Entertaining, informative and inspiring. The book is essential for the understanding of general terms used in biology all the time without us thinking much or focusing on their definition and implications. This lays out the ground work for his introduction of systems biology and deconstruction of reductionist biology. However, the most incredible aspect of this book is its discussion of the biology of the self, and how it can be explained that there is no of object of self. This has huge implicat Entertaining, informative and inspiring. The book is essential for the understanding of general terms used in biology all the time without us thinking much or focusing on their definition and implications. This lays out the ground work for his introduction of systems biology and deconstruction of reductionist biology. However, the most incredible aspect of this book is its discussion of the biology of the self, and how it can be explained that there is no of object of self. This has huge implications to eastern religions, mystic Abrahamic religions, and other "ego-death" based traditions. Mainly, because they have been concerned with using spiritual experiences to help explain the concept of 'no-self', 'self-dissociation', transcendence, and similar ideas that also lack an object of self. Although, the book is short and sweet, it is constantly suggesting areas for further exploration and providing sources for further reading. This is what pushed me towards giving it a 5 star rating.

  17. 5 out of 5

    Joseph D. Walch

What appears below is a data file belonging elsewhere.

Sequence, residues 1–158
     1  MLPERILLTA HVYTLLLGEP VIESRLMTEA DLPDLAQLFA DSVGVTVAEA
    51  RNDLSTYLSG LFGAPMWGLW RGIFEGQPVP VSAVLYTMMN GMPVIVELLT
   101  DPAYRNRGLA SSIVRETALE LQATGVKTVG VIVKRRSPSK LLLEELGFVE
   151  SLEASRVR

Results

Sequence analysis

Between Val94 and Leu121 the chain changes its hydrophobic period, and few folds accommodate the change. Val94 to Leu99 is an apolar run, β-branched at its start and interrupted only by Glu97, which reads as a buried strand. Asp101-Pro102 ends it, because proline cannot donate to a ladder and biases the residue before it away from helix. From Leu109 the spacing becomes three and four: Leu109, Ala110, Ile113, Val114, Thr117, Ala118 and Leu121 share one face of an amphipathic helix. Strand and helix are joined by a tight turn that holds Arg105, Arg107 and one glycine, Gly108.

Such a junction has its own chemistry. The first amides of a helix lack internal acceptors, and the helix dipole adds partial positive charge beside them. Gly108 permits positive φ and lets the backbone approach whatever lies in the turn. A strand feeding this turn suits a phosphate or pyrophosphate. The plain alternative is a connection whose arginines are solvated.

Like New York City or the most complex space satellite, every cell in our bodies contain tens of thousands of moving parts that serve myriad functions. On top of that, these cells organize differently in groups to form functional organs which are in turn dependant on other organs in a system that sustains intelligent life. This book is the story of the delicate yet amazingly orchestrated biological systems that form the foundation of life. This is a very interesting book that explores the paradig Like New York City or the most complex space satellite, every cell in our bodies contain tens of thousands of moving parts that serve myriad functions. On top of that, these cells organize differently in groups to form functional organs which are in turn dependant on other organs in a system that sustains intelligent life. This book is the story of the delicate yet amazingly orchestrated biological systems that form the foundation of life. This is a very interesting book that explores the paradigms of our present biological models and how they are shifting in our age of nanotech and higher-order computing. It shows how the old reductionism of science (i.e., breaking down and isolating variables of a system for individual study) is giving way to a more holistic view of complex interactions in systems biology. It's a fascinating look into the irreducible complexity that forms the basis for many physiological functions (e.g., how heartbeats are orchestrated from a number of different ion channels acting in symphonic harmony with differential nerve conduction and heart muscle excitability) and points out the incredible emergent behavior from both normal interactive physiological mechanisms and pathological conditions that result in suprising effects. It also challenges the facile simplicity of the genes-as-god attitude present in millenial biology and explores how genes are affected just as much by protein modulators, silencers, activators, environment, etc. as they effect changes in all these factors in a complex dance during development an throughout maturity. Thus it endorses the study of physiology and life from the 'middle-out' perspective; 'middle' representing organ systems utilizing both reductionistic, holistic, and individualistic study of systems from the molecular/biochemical level all the way up through cells, organs, etc. to the level of clinical science. It's a very good book and a fascinating read that will fill the reader with wonder and profound appreciation for the incredible music of life manifest in the way our body and mind functions. I read this book after going to Experimental Biology in 2009 and hearing about it from the number of presenters who mentioned it.